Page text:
Magner said she could not have overseen the project without Cangelosi and a slew of wonderful subcontractors. “This was a happy job,” she added. “In three and a half years, I had three bad days.” That’s a triumph considering the project’s overwhelming scope of work: a “complete restoration, down to the foundation, brick and roof. We restored all the moldings, millwork, doors, windows, balconies, facades, inside and out,” Magner said.
First, all the bad additions had to be removed, a process that uncovered only four original windows and one French door. Everything else is new: “cornices, baseboards, floors, mantels, transoms” and more, said Cangelosi, whose drawings for the needed architectural details were based on period designs. They came to life thanks to Highland Millworks in Baton Rouge, which also milled the home’s new windows and doors.
There were happy discoveries during the demolition: French door openings in the dining room (six-over-six pane windows had been installed in their place), large arched openings in the second-floor stair gallery, beautiful beams in the dependency and cypress floors.
French doors now open from the dining room onto a new steel balcony with cast iron elements. Fan light windows with four-pane French doors now fill the arched openings.
Too soft to walk on, the cypress floors were repurposed as ceiling planks for the attic and the dependency’s second floor, where the beams were saved. To regulate the rooms’ temperature, an air gap and radiant barrier were placed between the planks and slate roof above. “It’s all vented, and it works very well,” Cangelosi said.
Antique slate was used as flooring in the entry, the courtyard and the dependency’s first floor. The rest of the house features antique heart pine flooring. Magner worked with Stafford Tile on the renovation.
Before new elements could be added, the house had to be made structurally sound. Leo Suane of Suane Masonry — Magner now considers him family — spent 15 months with his crew repointing every interior and exterior brick. Father-and-son carpenters Tim and Chris Guidry and their crew leveled every floor joist, poured concrete and “installed every piece of woodwork in the entire house,” Magner said. “They reconstructed the shell of this house to its final condition…. They were invaluable at solving the challenges that such a large undertaking presents.”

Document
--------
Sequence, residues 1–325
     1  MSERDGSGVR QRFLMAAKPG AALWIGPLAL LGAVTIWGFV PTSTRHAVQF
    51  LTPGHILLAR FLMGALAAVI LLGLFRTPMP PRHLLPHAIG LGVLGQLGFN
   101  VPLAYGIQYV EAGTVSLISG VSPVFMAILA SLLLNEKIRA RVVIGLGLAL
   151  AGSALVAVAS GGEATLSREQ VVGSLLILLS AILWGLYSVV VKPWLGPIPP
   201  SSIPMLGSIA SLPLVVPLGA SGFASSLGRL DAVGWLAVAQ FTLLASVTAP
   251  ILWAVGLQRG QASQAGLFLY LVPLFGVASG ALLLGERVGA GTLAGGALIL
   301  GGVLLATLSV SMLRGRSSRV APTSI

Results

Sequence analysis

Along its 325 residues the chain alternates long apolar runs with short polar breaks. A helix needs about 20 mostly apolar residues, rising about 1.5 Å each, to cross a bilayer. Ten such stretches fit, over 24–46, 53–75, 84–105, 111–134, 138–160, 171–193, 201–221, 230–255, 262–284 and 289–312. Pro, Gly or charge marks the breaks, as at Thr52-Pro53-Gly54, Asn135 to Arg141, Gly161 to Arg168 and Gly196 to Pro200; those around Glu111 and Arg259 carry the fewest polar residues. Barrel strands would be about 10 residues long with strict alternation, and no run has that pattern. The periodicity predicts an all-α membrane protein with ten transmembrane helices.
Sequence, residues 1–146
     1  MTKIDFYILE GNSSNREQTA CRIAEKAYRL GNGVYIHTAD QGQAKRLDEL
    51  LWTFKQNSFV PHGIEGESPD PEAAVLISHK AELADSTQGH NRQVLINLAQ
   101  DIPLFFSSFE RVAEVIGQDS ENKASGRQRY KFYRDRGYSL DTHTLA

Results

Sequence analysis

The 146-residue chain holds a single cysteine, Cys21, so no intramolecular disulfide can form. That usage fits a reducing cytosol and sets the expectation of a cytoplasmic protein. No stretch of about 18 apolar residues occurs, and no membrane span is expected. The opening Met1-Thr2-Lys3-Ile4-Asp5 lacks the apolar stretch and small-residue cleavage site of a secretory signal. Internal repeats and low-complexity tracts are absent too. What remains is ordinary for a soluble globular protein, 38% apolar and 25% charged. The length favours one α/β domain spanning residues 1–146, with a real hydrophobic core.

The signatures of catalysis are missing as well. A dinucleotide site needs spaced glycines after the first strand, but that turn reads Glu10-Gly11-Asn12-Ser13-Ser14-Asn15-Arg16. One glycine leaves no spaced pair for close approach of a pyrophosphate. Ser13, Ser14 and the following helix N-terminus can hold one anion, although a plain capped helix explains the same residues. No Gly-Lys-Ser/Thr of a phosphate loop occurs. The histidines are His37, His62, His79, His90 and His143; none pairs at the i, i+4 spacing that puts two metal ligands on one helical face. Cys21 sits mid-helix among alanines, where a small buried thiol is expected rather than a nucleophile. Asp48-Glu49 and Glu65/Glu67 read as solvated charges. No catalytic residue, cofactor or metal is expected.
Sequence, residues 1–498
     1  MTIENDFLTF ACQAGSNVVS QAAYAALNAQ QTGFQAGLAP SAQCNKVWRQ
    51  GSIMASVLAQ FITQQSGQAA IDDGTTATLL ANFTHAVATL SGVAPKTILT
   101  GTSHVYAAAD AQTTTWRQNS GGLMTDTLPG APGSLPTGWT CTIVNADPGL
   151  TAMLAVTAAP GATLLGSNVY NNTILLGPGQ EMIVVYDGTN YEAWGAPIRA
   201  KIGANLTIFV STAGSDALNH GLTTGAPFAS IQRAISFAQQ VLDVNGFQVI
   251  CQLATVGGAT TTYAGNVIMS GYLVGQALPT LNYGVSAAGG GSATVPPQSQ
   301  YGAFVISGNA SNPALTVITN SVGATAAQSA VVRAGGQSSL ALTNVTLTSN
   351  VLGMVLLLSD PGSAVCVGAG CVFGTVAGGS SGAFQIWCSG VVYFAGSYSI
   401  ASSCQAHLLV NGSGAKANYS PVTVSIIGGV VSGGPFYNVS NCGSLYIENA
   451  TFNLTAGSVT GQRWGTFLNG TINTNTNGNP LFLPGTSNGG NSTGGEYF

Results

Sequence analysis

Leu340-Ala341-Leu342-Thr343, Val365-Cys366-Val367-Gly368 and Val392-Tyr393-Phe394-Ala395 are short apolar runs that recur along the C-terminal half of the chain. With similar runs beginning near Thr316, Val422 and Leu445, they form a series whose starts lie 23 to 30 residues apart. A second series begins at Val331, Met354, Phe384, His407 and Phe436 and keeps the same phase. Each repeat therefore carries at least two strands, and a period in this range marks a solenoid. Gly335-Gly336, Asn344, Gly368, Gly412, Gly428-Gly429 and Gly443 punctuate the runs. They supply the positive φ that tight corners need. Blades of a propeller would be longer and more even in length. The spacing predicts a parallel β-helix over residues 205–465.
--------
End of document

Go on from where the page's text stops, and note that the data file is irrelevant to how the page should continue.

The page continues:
Their work included constructing the new central stairway that almost appears to float as it ascends through the three floors. The stairs were one of the project’s biggest challenges, Magner said, and took 15 months to complete. “Because the stair had been removed, to re-install it, it had to be to code for fire and safety,” Magner said. “Because you had a finite start-and-end point, and because originally those stairs were not made to code, it took some work to fit it back in.”
Historically, the floor plan in a home like this would have featured public spaces on the first floor, bedrooms on the second floor, and the kitchen and service areas in a detached dependency. Now, the first floor contains a foyer with an elevator, the primary bedroom suite, a utility room and a guest suite in the attached dependency. Its French doors open to the courtyard, where there’s a pool, a French fountain and lush landscaping.
The central stairs lead to the second floor, where the stair gallery has space for an antique desk that looks out to the courtyard through the arched windows. Two French doors with transoms connect it to the living room where a crystal chandelier Magner found at an auction takes center stage.
“The second floor was really designed to entertain,” she said. “We love to have people over for dinner.”
The dependency’s second floor contains a powder room and another guest suite, while the third-floor attic holds Magner’s office, two twin beds, a bathroom and storage.
Asked her favorite part of the house, Magner was quick to answer. There are the vignettes from the various windows, the way the floor plan works for the couple, the house’s location near one of the French Quarter’s parks for their dogs, Beinville and Toulouse, and so much more.
“I love it all,” she said. “Robby did such a beautiful job. I just can’t tell you how happy Mike and I are here.”
The PRC’s 46th annual Holiday Home Tour presented by McEnery Residential is back with a fresh new format for this year!
VIDEO SERIES and
ART & GARDEN TOUR